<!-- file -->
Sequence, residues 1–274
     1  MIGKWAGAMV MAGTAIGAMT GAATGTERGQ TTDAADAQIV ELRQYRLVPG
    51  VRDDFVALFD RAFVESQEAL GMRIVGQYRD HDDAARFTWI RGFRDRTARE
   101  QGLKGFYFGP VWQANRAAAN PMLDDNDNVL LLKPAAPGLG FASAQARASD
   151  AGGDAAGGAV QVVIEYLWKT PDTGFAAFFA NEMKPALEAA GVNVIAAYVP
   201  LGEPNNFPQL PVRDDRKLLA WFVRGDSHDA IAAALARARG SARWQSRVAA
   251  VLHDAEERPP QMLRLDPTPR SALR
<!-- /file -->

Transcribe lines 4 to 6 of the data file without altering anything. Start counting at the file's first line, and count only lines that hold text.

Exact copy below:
   101  QGLKGFYFGP VWQANRAAAN PMLDDNDNVL LLKPAAPGLG FASAQARASD
   151  AGGDAAGGAV QVVIEYLWKT PDTGFAAFFA NEMKPALEAA GVNVIAAYVP
   201  LGEPNNFPQL PVRDDRKLLA WFVRGDSHDA IAAALARARG SARWQSRVAA